K. Oktay, “Further evidence on the safety and success of ovarian stimulation with letrozole and tamoxifen in breast cancer patients undergoing in vitro fertilization to cryopreserve their embryos for fertility preservation,” Journal of Clinical Oncology, vol. 23, no. 16, pp. 3858–3860, 2005.View at: Publisher Site | Google Scholar
Z. P. Nagy, C. C. Chang, H. I. Kort, A. A. Toledo, S. M. Slayden, and D. B. Shapiro, “Comparison of vitrified/warmed donated oocyte treatment outcomes in GnRH-antagonist cycles where hCG or Lupron was used to trigger ovulation,” Fertility and Sterility, vol. 94, no. 4, pp. s160–s161, 2010.View at: Google Scholar
A. Rosen, “Third-party reproduction and adoption in cancer patients,” Journal of the National Cancer Institute, no. 34, pp. 91–93, 2005.View at: Google Scholar
L. Campo-Engelstein, “Consistency in insurance coverage for iatrogenic conditions resulting from cancer treatment including fertility preservation,” Journal of Clinical Oncology, vol. 28, no. 8, pp. 1284–1286, 2010.View at: Publisher Site | Google Scholar
L. N. Beck, M. Sileo, and A. B. Copperman, “The average cost of fertility preservation for female cancer patients,” Fertility and Sterility, vol. 94, no. 4, p. s105, 2010.View at: Google Scholar
B. E. Friedman, K. O’Leary, and L. M. Westphal, “Follow-up survey of cancer survivors who underwent ovarian stimulation for fertility preservation,” Fertility and Sterility, vol. 95, no. 4, supplement, pp. S12–S13, 2011.View at: Google Scholar
S. D. Fosså, H. Magelssen, K. Melve, A. B. Jacobsen, F. Langmark, and R. Skjaerven, “Parenthood in survivors after adulthood cancer and perinatal health in their offspring: a preliminary report,” Journal of the National Cancer Institute. Monographs, no. 34, pp. 77–82, 2005.View at: Google Scholar
E. De Bree, A. Makrigiannakis, J. Askoxylakis, J. Melissas, and D. D. Tsiftsis, “Pregnancy after breast cancer. A comprehensive review,” Journal of Surgical Oncology, vol. 101, no. 6, pp. 534–542, 2010.View at: Publisher Site | Google Scholar
E. Fenig, M. Mishaeli, Y. Kalish, and M. Lishner, “Pregnancy and radiation,” Cancer Treatment Reviews, vol. 27, no. 1, pp. 1–7, 2001.View at: Publisher Site | Google Scholar
B. A. Mueller, E. J. Chow, A. Kamineni et al., “Pregnancy outcomes in female childhood and adolescent cancer survivors: a linked cancer-birth registry analysis,” Archives of Pediatrics and Adolescent Medicine, vol. 163, no. 10, pp. 879–886, 2009.View at: Publisher Site | Google Scholar
P. Harper, Practical Genetic Counseling, Hodder Arnold, London, UK, 6th edition, 2004.
N. Rahner and V. Steinke, “Hereditary cancer syndromes,” Deutsches Arzteblatt, vol. 105, no. 41, pp. 706–714, 2008.View at: Publisher Site | Google Scholar
K. Offit, K. Kohut, B. Clagett et al., “Cancer genetic testing and assisted reproduction,” Journal of Clinical Oncology, vol. 24, no. 29, pp. 4775–4782, 2006.View at: Publisher Site | Google Scholar
K. Hudson, S. Baruch, and G. Javitt, “Genetic testing of human embryos: ethical challenges and policy choices,” in Expanding Horizons in Bioethics, A. Galson and C. Peppard, Eds., pp. 103–122, Springer, Dordrecht, The Netherlands, 2005.View at: Google Scholar
G. Quinn, S. Vadaparampil, C. Wilson et al., “Attitudes of high-risk women toward preimplantation genetic diagnosis,” Fertility and Sterility, vol. 91, no. 6, pp. 2361–2368, 2009.View at: Publisher Site | Google Scholar
R. Sankila, S. Heinavaara, and T. Hakulinen, “Survival of breast cancer patients after subsequent term pregnancy: “Healthy mother effect”,” American Journal of Obstetrics and Gynecology, vol. 170, no. 3, pp. 818–823, 1994.View at: Google Scholar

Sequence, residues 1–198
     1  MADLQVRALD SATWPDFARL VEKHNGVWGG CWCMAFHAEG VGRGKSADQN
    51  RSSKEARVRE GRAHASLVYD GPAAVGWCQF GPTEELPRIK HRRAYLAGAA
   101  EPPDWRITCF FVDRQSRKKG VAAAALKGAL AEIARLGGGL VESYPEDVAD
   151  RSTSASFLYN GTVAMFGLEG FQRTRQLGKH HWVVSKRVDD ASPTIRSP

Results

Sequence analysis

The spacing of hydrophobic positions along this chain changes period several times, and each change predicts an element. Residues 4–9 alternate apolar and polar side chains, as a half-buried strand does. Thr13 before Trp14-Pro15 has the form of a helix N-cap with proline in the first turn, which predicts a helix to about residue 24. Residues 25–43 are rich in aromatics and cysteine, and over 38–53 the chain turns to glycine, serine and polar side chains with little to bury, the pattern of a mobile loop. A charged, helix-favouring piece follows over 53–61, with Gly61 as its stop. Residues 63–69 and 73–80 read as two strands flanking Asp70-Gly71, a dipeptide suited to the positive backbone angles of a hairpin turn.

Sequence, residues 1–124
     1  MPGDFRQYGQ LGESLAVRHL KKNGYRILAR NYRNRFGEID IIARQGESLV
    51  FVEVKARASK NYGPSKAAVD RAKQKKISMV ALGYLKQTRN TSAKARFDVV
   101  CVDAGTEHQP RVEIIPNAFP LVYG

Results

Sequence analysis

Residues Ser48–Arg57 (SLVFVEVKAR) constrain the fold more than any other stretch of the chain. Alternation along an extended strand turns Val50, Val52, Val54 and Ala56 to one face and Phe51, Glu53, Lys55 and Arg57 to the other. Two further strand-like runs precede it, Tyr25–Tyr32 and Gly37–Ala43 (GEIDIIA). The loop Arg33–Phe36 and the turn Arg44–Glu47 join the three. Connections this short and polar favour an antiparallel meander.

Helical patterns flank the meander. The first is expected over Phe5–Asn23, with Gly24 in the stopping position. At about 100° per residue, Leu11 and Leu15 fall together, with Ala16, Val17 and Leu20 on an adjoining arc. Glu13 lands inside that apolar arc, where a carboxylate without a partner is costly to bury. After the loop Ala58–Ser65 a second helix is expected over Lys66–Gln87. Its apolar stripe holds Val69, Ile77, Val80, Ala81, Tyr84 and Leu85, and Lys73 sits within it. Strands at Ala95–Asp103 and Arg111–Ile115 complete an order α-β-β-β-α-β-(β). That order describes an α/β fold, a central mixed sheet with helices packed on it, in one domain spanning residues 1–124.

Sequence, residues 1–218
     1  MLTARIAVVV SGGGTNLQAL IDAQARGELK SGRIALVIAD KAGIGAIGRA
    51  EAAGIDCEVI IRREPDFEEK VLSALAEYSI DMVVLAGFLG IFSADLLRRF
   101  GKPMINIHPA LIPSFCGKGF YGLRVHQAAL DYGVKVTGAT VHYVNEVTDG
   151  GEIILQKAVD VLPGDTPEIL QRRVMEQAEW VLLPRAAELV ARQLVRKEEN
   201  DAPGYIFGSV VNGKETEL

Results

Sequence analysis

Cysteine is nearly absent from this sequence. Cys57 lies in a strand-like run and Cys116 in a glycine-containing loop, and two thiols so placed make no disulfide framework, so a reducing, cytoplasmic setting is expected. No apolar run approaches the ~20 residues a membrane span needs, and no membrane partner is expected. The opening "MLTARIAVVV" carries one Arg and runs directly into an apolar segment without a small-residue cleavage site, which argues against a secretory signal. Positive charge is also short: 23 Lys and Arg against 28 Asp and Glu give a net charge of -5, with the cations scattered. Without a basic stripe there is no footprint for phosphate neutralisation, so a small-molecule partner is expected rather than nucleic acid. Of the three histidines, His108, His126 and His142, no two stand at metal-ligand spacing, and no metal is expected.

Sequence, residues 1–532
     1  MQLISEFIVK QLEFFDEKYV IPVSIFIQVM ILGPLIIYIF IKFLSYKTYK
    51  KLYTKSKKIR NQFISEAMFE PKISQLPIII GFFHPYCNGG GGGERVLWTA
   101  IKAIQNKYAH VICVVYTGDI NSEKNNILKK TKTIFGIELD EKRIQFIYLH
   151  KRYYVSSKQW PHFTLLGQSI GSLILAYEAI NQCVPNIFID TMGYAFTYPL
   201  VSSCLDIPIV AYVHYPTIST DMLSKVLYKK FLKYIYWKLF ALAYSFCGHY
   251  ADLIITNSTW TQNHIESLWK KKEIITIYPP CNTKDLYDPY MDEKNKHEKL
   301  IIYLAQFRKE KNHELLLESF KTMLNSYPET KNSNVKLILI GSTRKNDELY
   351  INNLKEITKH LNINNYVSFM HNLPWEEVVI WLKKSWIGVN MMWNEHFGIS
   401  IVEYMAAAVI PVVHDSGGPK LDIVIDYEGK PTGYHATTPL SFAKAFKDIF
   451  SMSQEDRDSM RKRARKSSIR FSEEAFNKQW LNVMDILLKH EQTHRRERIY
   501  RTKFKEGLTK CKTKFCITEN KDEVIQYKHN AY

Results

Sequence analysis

J. C. Harvey, P. P. Rosen, R. Ashikari et al., “The effect of pregnancy on the prognosis of carcinoma of the breast following radical mastectomy,” Surgery Gynecology and Obstetrics, vol. 153, no. 5, pp. 723–725, 1981.View at: Google Scholar
L. Mignot, F. Morvan, J. Berdah et al., “Pregnancy after breast-cancer. Results of a case-control study,” Presse Medicale, vol. 15, no. 39, pp. 1961–1964, 1986.View at: Google Scholar
B. A. Mueller, M. S. Simon, D. Deapen, A. Kamineni, K. E. Malone, and J. R. Daling, “Childbearing and survival after breast carcinoma in young women,” Cancer, vol. 98, no. 6, pp. 1131–1140, 2003.View at: Publisher Site | Google Scholar
R. M. Clark and T. Chua, “Breast cancer and pregnancy: the ultimate challenge,” Clinical Oncology, vol. 1, no. 1, pp. 11–18, 1989.View at: Google Scholar
A. Ives, C. Saunders, M. Bulsara, and J. Semmens, “Pregnancy after breast cancer: population based study,” British Medical Journal, vol. 334, no. 7586, pp. 194–196, 2007.View at: Publisher Site | Google Scholar
H. A. Azim, L. Santoro, N. Pavlidis et al., “Safety of pregnancy following breast cancer diagnosis: a meta-analysis of 14 studies,” European Journal of Cancer, vol. 47, no. 1, pp. 74–83, 2011.View at: Publisher Site | Google Scholar
A. Valachis, L. Tsali, L. L. Pesce et al., “Safety of pregnancy after primary breast carcinoma in young women: a meta-analysis to overcome bias of healthy mother effect studies,” Obstetrical and Gynecological Survey, vol. 65, no. 12, pp. 786–793, 2010.View at: Publisher Site | Google Scholar
S. Asztalos, P. H. Gann, M. K. Hayes et al., “Gene expression patterns in the human breast after pregnancy,” Cancer Prevention Research, vol. 3, no. 3, pp. 301–311, 2010.View at: Publisher Site | Google Scholar
O. Pagani, K. N. Price, R. D. Gelber et al., “Patterns of recurrence of early breast cancer according to estrogen receptor status: a therapeutic target for a quarter of a century,” Breast Cancer Research and Treatment, vol. 117, no. 2, pp. 319–324, 2009.View at: Publisher Site | Google Scholar
M. H. Shiu, D. Schottenfeld, B. Maclean, and J. G. Fortner, “Adverse effect of pregnancy on melanoma: a reappraisal,” Cancer, vol. 37, no. 1, pp. 181–187, 1976.View at: Google Scholar
C. Riberti, G. Mrola, and A. Vertani, “Malignant melanoma: the adverse effect of pregnancy,” British Journal of Plastic Surgery, vol. 34, pp. 338–339, 1981.View at: Google Scholar
A.-S. Chao, A. Chao, C.-J. Wang, C.-H. Lai, and H.-S. Wang, “Obstetric outcomes of pregnancy after conservative treatment of endometrial cancer: case series and literature review,” Taiwanese Journal of Obstetrics and Gynecology, vol. 50, no. 1, pp. 62–66, 2011.View at: Publisher Site | Google Scholar
I. Kalogiannidis and T. Agorastos, “Conservative management of young patients with endometrial highly-differentiated adenocarcinoma,” Journal of Obstetrics and Gynaecology, vol. 31, no. 1, pp. 13–17, 2011.View at: Publisher Site | Google Scholar